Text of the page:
I-Tune Shuffle: "Next Big Thing"
With its moseying bass line and rueful lyric, Material Issue's "Next Big Thing" is a country music song in power pop clothes (a feeling enhanced by Jim Ellison's twangy vocal). The best track on their 1992 release Destination Universe, "Next Big Thing" rises out of a bed of Byrdsy guitars like a whiskey-stained apparition, a near-perfect 3:17 slice of character, atmosphere and regret. Its melancholy, ironic tone artfully deconstructs the very alt-rock world into which the Chicago band found themselves thrust after the success of 1991's International Pop Overthrow.
That record-- a bright, shiny, modish alternative to the grunge rock that was about to overtake American radio-- more readily displayed the influence of British bands like The Kinks and The Jam: its yelping vocals, hopscotch drum patterns, screeching guitars and McCartneyish lead bass carried the listener into a Technicolor world of teen romance and mad love whose darker undertones were only apparent on repeated listenings. Lead singer/songwriter Jim Ellison clearly knew his pop history, and artfully reworked its tropes for a college rock audience.
Destination Universe's first single, "What Girls Want," was cut from the same cloth as IPO singles like "Renee Remains The Same" and "Valerie Loves Me": it's ironically cartoonish, and layers self-aware gibberish lyrics on top of feedback-heavy guitars and a distorted rhythm section. Ellison sounds like he's yelling the vocals into a wind tunnel, with a big grin on his face. It's a lot of fun, but "Next Big Thing" feels more like the album's heart.
The song opens with a repeated guitar part that echoes the opening of the La's "There She Goes," followed by a heavy, insistent bass that pushes the song through the door: its ranging around in the lower octaves will give the song both literal and metaphorical weight, as if acting as the lighter-than-air guitar's conscience.
Like any good country song, we start in a bar, the narrator's short phrasing keying us in to the direct manner that will be his romantic doom; as the guitars swirl in hypnotic repeated phrases, pop music also plays a central role in the story:
I met her at a bar where I often sit down
and have myself a drink
She played my favorite song
before I had time to think
So I bought her a round and she pounded it down
let out a laugh like a freight train
We exchanged small talk
"Doesn't it feel like rain?"
These two hipsters flirt, but can only do so by ironically adopting the language of the pop culture they disparage:
"You and I we're two of a kind, not afraid to dream"
"We could be, the next big thing"
Drinking and flirting open up to more revelations, the first that the narrator's dream girl isn't as independent as she seems:
She told me her roommate was gone for the weekend
borrowed her car and took off with her boyfriend
They'd be married soon
was it December or June?
Drinking gives way to drifting:
She was an artist with a two bedroom apartment
Her dad kept her going on a weekly allowance
She'd be graduating soon
Was it December or June?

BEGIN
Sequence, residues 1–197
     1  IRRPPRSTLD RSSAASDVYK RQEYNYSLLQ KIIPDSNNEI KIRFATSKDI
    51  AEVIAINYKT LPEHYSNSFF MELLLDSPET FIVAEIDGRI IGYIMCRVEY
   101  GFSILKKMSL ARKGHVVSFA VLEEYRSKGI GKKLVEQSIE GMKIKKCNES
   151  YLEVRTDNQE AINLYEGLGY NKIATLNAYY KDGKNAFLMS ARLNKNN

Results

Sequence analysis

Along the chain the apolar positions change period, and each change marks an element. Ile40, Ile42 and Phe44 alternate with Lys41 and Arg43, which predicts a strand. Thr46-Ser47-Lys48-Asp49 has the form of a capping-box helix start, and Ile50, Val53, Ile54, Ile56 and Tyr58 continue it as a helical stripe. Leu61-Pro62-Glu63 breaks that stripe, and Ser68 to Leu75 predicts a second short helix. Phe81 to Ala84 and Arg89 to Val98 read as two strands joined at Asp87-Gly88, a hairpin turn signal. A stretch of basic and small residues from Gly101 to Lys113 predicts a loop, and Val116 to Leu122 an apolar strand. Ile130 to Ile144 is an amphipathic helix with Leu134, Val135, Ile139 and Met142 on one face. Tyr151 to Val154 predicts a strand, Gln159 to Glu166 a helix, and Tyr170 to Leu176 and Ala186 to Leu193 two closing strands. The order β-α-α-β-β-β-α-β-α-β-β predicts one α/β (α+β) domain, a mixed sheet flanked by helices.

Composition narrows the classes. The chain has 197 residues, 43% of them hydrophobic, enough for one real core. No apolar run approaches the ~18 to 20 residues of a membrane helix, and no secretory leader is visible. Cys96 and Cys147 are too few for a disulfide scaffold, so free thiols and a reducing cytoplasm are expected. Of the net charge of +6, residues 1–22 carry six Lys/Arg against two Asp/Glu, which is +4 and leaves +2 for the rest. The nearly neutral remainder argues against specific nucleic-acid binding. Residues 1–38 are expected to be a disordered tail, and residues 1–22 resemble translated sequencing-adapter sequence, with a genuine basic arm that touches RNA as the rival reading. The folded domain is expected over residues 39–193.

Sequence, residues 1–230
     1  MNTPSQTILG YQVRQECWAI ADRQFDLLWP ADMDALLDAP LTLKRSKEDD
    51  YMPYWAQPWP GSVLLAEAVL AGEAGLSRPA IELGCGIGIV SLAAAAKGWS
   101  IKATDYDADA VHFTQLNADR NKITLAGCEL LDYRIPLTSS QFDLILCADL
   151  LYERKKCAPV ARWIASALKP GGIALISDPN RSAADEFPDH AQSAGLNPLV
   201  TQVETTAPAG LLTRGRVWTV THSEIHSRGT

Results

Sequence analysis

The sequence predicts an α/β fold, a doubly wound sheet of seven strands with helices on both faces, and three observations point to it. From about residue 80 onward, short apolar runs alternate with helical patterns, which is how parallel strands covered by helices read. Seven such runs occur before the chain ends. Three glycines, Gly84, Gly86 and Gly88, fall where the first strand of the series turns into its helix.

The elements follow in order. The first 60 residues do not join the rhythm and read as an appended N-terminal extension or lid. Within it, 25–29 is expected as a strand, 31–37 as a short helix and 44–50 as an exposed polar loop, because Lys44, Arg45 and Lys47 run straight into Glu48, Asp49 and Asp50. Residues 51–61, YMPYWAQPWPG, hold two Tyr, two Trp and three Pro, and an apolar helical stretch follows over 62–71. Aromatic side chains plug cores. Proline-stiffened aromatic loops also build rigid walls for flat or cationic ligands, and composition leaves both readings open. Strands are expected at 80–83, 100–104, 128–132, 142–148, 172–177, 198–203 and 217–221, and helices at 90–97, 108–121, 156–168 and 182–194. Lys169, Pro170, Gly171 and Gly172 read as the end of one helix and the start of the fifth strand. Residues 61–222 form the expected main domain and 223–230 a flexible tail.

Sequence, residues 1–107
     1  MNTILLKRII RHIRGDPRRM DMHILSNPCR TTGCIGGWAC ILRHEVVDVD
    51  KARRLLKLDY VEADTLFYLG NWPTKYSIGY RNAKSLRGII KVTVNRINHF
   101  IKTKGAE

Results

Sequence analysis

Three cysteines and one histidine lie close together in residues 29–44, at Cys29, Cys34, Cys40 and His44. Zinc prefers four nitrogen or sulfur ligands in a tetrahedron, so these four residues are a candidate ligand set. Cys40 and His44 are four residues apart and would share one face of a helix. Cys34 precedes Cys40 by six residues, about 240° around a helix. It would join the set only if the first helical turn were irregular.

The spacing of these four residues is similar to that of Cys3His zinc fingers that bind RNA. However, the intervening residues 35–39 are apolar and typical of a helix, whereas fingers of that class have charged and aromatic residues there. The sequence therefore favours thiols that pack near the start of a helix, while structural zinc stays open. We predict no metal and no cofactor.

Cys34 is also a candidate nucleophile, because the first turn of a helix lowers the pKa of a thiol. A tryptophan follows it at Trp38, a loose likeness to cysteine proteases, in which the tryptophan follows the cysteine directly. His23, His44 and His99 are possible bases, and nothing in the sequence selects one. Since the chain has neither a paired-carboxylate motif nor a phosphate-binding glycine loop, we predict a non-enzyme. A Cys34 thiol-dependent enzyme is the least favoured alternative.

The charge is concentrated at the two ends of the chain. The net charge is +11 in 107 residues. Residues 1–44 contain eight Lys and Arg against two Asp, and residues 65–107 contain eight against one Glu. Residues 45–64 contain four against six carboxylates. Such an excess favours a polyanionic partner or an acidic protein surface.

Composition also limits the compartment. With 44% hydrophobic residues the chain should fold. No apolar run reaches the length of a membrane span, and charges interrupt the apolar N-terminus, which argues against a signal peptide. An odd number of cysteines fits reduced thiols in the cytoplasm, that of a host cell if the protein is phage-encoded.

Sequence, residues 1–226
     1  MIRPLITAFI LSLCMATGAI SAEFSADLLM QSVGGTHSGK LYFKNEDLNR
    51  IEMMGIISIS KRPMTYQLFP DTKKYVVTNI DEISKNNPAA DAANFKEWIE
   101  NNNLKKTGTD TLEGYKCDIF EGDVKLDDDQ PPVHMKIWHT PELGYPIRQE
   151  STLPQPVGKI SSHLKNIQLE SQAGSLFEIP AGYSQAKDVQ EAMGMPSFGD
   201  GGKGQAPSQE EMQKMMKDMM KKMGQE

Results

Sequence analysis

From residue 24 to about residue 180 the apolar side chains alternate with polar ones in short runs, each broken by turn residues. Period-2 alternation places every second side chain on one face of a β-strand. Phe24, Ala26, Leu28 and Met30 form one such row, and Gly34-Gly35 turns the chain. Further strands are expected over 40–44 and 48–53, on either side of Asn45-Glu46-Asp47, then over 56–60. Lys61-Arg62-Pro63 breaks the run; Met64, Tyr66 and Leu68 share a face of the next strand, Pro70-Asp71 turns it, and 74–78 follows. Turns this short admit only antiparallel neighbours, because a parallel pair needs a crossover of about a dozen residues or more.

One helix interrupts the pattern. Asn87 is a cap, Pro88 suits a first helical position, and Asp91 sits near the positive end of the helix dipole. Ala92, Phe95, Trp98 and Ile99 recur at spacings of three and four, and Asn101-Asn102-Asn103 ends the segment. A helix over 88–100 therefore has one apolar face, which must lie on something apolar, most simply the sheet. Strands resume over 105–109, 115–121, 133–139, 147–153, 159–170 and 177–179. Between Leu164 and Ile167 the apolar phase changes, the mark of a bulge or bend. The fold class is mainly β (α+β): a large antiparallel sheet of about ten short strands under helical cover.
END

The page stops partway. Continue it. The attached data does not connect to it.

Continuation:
Place is evoked so well in the band's writing, as tiny character details blend with the melody and instrumentation to recreate the atmosphere of a wet afternoon in a Bucktown bar. The lyric takes a serious turn in the next verse, but it wouldn't work without Ellison's eye for the makeup of crowds, and his simultaneous sympathy and revulsion:
So I bought her one more
and she stared at the door
watching the parade moving out and in
She made fun of their clothes
She said that I could never be one of those
And I thought to myself you're just like everybody else
Standing at the station, but missing the train
I turned to catch her expression
She walked back home in the rain.
His attraction broken by misperception and pretension, the narrator then adopts his would-be lover's ironic phrasing, finding in it something more heartfelt (and impossible to actualize):
And I said...
"You and I we're two of a kind, not afraid to dream"
"We coulda been, the next big thing"
Like that lover walking out of the bar on a rainy day, this was the band's goodbye to major mainstream success: Destination Universe and International Pop Overthrow had been hits for Mercury Records, but when their 1994 release, Freak City Soundtrack, sold less than 50,000 copies, they ended their contract with the label. In 1996, Ellison killed himself through carbon dioxide poisoning.
Reading about the band online, I found out they were on the late, great MTV alt-video show 120 Minutes with the Replacements in 1990. It made perfect sense: like the 'Mats' Paul Westerberg, Ellison had pop gifts that fit uneasily into the cultural moment in which he found himself (whether the defining ideology was punk or grunge), and both explored the ups-and-downs of everyday losers with a poet's heart. "Next Big Thing" is so smart about fading fashions and group think that it seems to predict both the band's eventual dissolution and that of the alt-rock scene itself, which would find itself displaced by the reactionary folk-rock of Hootie and The Ginflowers not long after Material Issue were dropped from their label. But as the song suggests, such an end isn't all bad: what matters isn't the lasting success, but that fleeting moment when the song comes on the juke box, and for a moment, anything seems possible-- even love on a rainy day.